3. Bottle Stopper.—There are mines of wealth in a cheap substitute for cork. An inventor will some day make a fortune by the inventing of a paper stopper.
  4. Combination Cork and Corkscrew.—A bottle stopper which can be removed by simply turning it around like the top of a wooden money-barrel made for children. Must be made to sell cheap.
  5. The Collapsible Barrel.—A barrel arranged in a series of parts each one above smaller than the one below, and so contrived that when not filled the parts sink into each other like the pieces of a field glass. A barrel of such convenience for reshipping would be bought by the hundred thousand, and would be full of gold for its inventor.
  6. Self-Standing Bag.—A, device whereby bags will stand alone with wide-open top while being filled, thus dispensing with the services of an extra man. All shipping merchants would pay largely for such a bag.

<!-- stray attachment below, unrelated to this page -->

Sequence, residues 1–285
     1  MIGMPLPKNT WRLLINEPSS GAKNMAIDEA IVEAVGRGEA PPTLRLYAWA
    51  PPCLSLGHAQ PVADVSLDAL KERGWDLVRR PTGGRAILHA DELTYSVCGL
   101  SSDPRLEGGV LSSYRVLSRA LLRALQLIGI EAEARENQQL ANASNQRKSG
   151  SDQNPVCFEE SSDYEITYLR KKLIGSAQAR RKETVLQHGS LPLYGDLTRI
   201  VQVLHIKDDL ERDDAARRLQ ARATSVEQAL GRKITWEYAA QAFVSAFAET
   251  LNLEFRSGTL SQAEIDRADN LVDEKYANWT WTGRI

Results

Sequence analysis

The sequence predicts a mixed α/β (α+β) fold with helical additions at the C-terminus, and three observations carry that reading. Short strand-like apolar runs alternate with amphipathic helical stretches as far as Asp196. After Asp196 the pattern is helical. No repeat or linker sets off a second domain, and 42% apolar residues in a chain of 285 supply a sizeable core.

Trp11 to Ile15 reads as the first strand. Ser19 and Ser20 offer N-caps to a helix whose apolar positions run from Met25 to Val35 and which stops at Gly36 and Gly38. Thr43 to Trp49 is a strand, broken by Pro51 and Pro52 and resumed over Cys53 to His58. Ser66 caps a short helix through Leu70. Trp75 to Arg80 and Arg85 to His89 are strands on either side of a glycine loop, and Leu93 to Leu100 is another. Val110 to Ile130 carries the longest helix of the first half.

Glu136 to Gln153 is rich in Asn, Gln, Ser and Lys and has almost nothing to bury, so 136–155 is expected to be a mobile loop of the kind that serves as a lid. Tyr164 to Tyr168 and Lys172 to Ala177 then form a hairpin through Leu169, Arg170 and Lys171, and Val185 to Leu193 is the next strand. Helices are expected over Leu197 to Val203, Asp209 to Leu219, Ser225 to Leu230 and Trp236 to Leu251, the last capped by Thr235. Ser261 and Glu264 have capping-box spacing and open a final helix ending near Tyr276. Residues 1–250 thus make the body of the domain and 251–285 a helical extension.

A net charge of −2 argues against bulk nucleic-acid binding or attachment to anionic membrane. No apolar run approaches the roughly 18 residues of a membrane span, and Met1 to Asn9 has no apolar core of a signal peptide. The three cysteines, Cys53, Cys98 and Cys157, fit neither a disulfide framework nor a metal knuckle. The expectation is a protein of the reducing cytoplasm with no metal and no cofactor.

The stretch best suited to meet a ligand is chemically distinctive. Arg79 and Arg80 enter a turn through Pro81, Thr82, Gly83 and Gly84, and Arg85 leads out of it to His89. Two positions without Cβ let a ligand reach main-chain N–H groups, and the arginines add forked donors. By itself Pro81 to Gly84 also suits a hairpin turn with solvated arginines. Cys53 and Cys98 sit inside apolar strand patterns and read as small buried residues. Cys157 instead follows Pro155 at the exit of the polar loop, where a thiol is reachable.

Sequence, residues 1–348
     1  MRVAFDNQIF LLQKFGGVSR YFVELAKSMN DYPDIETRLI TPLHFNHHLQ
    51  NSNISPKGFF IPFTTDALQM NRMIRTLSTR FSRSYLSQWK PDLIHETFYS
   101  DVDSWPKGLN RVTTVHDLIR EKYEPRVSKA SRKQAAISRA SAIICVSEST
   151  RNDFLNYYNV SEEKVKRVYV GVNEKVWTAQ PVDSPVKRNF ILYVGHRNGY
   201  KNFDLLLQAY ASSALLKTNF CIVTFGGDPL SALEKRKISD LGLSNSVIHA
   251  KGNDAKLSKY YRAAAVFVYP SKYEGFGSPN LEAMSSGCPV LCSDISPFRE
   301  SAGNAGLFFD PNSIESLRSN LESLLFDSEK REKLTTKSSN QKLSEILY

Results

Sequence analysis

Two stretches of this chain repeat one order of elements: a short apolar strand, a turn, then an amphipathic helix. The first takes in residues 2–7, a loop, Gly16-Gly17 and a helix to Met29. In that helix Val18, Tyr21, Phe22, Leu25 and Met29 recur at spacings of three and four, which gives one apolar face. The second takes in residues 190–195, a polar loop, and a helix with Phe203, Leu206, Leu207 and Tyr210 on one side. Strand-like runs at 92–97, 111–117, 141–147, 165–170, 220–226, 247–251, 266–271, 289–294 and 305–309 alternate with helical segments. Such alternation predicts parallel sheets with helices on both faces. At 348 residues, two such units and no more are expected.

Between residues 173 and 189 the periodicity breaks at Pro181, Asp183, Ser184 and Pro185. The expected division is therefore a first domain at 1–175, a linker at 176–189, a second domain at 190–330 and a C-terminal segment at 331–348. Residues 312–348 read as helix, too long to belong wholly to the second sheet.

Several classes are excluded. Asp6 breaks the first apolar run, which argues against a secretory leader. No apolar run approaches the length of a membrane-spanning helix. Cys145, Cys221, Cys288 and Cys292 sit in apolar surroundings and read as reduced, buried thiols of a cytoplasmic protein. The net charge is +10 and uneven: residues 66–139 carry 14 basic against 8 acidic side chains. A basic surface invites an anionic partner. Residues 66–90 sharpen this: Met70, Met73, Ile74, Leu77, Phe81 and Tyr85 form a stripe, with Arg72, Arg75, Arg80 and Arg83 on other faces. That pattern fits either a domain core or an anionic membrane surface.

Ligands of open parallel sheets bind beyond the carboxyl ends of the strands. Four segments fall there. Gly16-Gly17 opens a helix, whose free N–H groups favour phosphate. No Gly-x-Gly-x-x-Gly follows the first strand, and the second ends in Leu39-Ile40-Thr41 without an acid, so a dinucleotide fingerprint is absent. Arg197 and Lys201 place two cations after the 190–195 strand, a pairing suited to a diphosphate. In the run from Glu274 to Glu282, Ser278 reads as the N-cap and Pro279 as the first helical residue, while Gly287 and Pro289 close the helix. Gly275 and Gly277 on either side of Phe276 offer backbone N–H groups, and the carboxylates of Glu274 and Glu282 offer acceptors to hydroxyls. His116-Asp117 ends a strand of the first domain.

7. Barrel Filler and Funnel Cut-Off.—Barrel filling by the ordinary funnel is slow. Provide four openings at the bottom instead of one. A small rubber hose will connect the opening of each barrel, and a cut-off or a string attachment at the end of each hose cuts off the flow when the barrel is full, and permits the contents of the hose to be carried back to the barrel and thence into one of the unfilled barrels, thus avoiding waste.
  8. Folding Crate.—The transportation of fruit and other produce would be greatly facilitated and cheapened if some one would invent a folding crate. An empty crate occupies as much room as a full one.
  9. Paper Barrel.—Who will invent a paper barrel which will be as serviceable as the present wooden one, and have the advantage of being light? It would have a universal sale.